• Establishing a Call Strategy
    • People working in call centres need to control the conversation, or they will waste the sale. 
  • Prospecting
    • Prospecting is a method of assessing the potential of a buyer or customer. Prospecting takes into consideration the possibility that the buyer has the means and the motivation to buy your product.
  • Qualifying Your Prospect
    • While qualifying a prospect, you are evaluating that they are in a position to choose to buy your product.
  • Call Centre Course: Part 2: Case Study
  • Call Centre Course: Part 2: Review Questions

Call Centre Course: Part 3: The Basics of Call Centre Training (II)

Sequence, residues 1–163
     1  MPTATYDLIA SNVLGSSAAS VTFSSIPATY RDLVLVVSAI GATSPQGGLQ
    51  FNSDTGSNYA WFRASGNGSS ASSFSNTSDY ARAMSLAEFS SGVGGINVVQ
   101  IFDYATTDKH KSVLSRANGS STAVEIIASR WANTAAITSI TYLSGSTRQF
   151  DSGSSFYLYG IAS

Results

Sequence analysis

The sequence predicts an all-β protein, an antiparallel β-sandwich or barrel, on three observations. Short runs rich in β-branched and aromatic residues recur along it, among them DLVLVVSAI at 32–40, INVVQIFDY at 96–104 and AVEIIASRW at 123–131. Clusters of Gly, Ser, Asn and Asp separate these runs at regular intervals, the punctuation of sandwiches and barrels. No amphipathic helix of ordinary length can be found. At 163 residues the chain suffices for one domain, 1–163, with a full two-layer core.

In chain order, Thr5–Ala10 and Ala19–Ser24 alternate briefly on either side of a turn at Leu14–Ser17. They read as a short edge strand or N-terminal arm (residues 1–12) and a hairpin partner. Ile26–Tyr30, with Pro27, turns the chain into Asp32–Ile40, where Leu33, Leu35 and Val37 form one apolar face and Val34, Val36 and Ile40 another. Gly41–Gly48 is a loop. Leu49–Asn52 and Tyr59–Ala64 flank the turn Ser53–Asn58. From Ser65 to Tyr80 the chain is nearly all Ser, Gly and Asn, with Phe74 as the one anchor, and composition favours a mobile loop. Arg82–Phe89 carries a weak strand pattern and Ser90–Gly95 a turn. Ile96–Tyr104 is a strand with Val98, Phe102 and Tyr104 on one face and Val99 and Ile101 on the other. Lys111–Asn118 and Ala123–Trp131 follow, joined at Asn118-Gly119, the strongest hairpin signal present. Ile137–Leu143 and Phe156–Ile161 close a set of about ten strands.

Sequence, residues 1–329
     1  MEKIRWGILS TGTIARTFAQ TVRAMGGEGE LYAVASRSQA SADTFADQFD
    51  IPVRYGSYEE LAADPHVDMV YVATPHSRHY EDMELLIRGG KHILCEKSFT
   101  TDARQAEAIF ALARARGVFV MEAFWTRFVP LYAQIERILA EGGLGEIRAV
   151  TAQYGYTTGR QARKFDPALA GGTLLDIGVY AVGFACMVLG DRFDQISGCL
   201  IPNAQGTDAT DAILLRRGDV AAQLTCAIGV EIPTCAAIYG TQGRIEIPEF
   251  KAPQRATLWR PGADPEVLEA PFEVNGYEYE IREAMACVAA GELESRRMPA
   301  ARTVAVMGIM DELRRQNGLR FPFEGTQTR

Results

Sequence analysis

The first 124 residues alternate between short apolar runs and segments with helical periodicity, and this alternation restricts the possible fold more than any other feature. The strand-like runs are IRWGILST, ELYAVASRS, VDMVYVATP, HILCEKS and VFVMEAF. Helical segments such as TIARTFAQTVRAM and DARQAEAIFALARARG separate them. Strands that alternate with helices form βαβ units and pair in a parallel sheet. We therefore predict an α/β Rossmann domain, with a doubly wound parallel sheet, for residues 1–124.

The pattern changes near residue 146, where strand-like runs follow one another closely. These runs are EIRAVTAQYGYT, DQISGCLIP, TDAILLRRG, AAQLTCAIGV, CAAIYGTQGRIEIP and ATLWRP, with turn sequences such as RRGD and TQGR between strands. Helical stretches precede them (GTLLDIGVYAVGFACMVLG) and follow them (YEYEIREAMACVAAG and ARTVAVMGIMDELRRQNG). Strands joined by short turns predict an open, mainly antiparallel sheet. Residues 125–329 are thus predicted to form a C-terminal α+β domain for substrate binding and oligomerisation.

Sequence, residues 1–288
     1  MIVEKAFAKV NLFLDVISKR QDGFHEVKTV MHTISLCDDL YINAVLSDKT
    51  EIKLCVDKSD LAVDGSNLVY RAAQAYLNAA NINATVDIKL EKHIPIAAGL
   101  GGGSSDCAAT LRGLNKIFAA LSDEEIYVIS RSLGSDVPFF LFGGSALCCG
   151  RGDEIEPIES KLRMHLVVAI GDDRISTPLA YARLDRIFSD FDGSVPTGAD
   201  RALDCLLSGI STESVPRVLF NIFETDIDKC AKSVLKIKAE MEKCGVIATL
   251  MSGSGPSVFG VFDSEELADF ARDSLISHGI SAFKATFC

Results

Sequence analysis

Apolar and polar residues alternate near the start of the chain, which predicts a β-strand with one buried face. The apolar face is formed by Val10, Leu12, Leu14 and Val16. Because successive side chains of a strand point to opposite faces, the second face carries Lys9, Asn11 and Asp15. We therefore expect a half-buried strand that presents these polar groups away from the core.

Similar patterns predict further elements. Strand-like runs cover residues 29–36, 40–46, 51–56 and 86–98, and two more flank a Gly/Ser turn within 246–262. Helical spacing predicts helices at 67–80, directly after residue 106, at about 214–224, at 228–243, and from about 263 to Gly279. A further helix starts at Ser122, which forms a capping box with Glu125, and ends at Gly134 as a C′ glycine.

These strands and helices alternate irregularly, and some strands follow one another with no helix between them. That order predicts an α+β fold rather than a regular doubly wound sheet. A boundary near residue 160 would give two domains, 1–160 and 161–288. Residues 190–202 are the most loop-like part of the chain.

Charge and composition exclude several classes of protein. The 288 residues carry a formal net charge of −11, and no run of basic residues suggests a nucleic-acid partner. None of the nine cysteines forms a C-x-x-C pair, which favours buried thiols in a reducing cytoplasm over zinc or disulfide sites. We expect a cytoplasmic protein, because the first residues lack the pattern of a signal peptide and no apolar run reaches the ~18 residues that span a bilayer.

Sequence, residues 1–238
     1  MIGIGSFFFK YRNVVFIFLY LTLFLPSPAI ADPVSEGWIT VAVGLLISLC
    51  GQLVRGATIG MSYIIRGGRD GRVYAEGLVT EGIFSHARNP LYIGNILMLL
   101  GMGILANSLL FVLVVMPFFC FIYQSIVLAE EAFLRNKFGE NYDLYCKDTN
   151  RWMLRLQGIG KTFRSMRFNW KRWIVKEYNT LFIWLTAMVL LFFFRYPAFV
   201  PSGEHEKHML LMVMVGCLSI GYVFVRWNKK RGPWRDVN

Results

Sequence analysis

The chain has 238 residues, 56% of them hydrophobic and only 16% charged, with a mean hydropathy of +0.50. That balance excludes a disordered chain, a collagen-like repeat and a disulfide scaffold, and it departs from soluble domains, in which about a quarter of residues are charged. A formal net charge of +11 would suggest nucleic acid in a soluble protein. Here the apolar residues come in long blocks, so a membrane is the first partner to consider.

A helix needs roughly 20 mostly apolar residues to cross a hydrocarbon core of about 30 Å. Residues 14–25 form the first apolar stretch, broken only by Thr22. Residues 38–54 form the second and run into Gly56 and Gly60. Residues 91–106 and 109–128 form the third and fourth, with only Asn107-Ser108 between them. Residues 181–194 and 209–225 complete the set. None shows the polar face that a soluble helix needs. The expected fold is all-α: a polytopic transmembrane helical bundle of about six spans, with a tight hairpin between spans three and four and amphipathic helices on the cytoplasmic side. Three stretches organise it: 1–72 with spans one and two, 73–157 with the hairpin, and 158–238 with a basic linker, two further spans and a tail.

There are various types of conversations that we all use to function in everyday life. The diverse types of conversation are required in various situations. When endeavouring to converse, whether person to person or in a group or company, it is essential to understand the different kinds of conversations and how each type of purposes.

  • Getting Beyond The Gate Keeper
    • The informational conversation is what most individuals would define as conversing. It is the kind of conversation that “gets beyond the gatekeeper” and this is essential when it comes to establishing a level of assurance or rapport before making a sale. 
  • Controlling The Call
    • The subsequent level of communication is the sharing of preferences.
  • Handling Difficult Customers
    • Emotional sharing is the following level where the conversation shifts to feelings the buyer and seller have about the agreement they are about to make.
  • Reporting